AAHS Main Site  | Past & Future Meetings  
American Association for Hand Surgery
Meeting Home
Sunglasses
Concert
Poolside
Turtle

Back to 2017 Annual Meeting Program


Ulnar Nerve Complications Following Ulnar Collateral Ligament Reconstruction: A Systematic Review
Jason B Clain, BS1; Mark Vitale, MD, MPH, ONS, PC, ONS2; David Ruchelsman, MD3
1Tufts University School of Medicine, Boston, MA; 2Foundation for Clinical Research and Education, Greenwich, CT; 3Hand Surgery PC, Newton Wellesley Hospital, Newton, MA

Introduction: While ulnar collateral ligament reconstruction (UCLR) has been shown to be an effective procedure to restore elbow stability in overhead athletes, the rates of ulnar neuropathy following surgery has been poorly characterized. Furthermore, the influence of type of surgical exposure, graft fixation technique and concurrent ulnar nerve transposition on ulnar nerve complications is unclear. This study sought to determine the overall postoperative rate of ulnar neuropathy following UCLR and to determine how surgical exposure, graft fixation and intraoperative ulnar nerve management influenced the rate of ulnar nerve complications following UCLR.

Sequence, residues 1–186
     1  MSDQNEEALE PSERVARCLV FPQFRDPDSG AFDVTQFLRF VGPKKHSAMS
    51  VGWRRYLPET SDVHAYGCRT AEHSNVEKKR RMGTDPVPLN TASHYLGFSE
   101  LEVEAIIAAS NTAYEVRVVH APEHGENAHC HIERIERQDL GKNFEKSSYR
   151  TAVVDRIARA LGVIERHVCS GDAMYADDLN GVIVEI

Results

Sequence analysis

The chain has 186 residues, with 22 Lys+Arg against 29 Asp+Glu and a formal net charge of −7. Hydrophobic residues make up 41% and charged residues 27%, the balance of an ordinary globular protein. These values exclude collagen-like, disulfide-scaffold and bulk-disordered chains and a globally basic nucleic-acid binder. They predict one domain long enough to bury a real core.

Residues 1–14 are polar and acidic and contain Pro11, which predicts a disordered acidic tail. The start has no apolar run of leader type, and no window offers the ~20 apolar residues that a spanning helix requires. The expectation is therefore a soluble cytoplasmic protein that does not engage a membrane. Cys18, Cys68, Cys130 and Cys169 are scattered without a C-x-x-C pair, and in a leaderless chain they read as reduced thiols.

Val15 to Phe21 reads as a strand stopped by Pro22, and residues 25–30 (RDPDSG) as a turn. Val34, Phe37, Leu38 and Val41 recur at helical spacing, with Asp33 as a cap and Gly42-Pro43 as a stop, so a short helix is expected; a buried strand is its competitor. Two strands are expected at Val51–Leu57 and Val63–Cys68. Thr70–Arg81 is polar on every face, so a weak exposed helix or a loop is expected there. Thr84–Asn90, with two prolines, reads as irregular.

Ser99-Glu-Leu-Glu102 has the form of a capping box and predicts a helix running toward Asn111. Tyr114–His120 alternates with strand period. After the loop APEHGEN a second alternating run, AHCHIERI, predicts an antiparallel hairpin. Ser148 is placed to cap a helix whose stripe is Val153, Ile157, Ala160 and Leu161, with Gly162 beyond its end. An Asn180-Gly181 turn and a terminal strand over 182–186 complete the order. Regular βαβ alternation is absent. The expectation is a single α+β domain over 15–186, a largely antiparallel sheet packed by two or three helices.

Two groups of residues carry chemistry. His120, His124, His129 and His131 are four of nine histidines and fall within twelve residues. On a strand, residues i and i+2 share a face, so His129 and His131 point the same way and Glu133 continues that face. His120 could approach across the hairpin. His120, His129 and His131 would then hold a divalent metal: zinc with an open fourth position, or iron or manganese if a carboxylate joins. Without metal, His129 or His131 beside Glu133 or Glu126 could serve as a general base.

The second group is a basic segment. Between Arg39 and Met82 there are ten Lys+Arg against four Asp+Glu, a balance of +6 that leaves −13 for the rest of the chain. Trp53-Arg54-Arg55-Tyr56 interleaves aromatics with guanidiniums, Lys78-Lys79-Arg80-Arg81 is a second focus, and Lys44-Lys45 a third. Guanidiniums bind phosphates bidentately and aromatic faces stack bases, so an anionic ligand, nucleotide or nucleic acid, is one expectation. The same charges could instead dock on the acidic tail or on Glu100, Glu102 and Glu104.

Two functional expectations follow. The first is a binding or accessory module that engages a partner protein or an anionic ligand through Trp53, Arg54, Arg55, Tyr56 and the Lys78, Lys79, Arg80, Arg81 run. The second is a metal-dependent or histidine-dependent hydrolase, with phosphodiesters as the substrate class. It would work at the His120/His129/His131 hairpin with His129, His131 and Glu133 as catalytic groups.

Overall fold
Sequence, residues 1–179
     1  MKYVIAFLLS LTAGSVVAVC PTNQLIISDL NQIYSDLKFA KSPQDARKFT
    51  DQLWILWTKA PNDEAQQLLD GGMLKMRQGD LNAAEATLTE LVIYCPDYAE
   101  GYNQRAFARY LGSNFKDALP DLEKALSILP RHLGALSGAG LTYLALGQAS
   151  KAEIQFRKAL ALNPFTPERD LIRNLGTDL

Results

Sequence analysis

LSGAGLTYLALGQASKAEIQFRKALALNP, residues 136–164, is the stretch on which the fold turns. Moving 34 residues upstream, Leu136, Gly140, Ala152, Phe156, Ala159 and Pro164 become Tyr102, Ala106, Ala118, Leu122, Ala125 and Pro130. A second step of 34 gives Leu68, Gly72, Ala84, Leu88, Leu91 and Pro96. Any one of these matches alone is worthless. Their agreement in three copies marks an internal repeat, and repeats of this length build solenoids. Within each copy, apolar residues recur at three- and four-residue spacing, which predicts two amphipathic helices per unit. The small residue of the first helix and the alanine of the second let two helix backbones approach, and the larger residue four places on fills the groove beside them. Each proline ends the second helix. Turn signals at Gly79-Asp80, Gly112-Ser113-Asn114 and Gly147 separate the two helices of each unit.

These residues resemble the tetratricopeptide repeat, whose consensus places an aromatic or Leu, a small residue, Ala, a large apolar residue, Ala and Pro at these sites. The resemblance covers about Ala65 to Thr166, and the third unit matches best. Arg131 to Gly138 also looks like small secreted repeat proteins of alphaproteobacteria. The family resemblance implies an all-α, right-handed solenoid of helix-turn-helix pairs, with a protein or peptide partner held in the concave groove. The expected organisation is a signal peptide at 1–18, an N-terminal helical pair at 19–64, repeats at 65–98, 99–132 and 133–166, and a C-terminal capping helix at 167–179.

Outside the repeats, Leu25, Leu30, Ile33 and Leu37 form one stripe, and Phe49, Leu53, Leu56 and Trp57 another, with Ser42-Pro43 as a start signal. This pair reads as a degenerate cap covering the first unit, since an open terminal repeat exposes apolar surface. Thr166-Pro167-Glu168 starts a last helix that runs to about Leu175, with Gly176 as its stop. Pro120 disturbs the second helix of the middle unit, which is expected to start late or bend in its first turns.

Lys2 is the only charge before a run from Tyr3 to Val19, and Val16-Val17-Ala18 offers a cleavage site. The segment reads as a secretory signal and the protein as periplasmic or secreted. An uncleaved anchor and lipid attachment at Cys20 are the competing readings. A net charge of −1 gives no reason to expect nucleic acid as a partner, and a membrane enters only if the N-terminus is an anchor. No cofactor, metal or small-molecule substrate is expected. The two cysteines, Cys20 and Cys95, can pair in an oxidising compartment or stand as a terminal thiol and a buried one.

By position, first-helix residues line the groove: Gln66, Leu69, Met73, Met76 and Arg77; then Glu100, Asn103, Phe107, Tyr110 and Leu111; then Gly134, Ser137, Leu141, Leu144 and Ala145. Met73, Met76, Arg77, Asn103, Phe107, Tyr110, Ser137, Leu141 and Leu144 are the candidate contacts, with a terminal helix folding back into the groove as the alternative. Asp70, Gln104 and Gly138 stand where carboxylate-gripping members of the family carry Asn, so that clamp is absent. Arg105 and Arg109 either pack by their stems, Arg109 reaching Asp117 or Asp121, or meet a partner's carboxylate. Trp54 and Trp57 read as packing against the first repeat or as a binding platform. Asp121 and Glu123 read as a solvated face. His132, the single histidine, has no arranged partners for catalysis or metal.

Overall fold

Methods: Systematic review of the literature was completed using the MEDLINE, PubMed, and Ovid databases. UCLR case series that contained complications data were included. Ulnar neuropathy was defined as any symptoms or objective sensory and/or motor deficit following surgery.

Results: Sixteen articles met inclusion criteria (n=1675 cases). The overall rate of post-operative ulnar neuropathy following UCLR was 10.7%, and 1.0% of cases required reoperation to address ulnar neuropathy. The surgical approach associated with the lowest rate of neuropathy was muscle splitting (4.7%) [versus muscle retraction (13.1%) and detachment of flexor pronator mass (18.2%)]. The fixation approach associated with the the lowest rate of neuropathy was the docking technique (2.4%) [versus hybrid suture anchor-bone tunnel (2.9%), interference screw (5.0%), DANE TJ (9.1%), figure of 8 (9.3%)]. Concurrent ulnar nerve transposition was associated with a higher neuropathy rate (13.0%) compared to no handling of the ulnar nerve (4.0%).

Discussion/Conclusion: Review of all published literature revealed that 1 in 10 UCLR results in postoperative ulnar nerve complications. UCLR techniques associated with the lowest rates of neuropathy were the muscle splitting approach, docking fixation, and lack of ulnar nerve transposition. This data may help guide surgeons on ways to minimize ulnar nerve complications following this procedure.


Back to 2017 Annual Meeting Program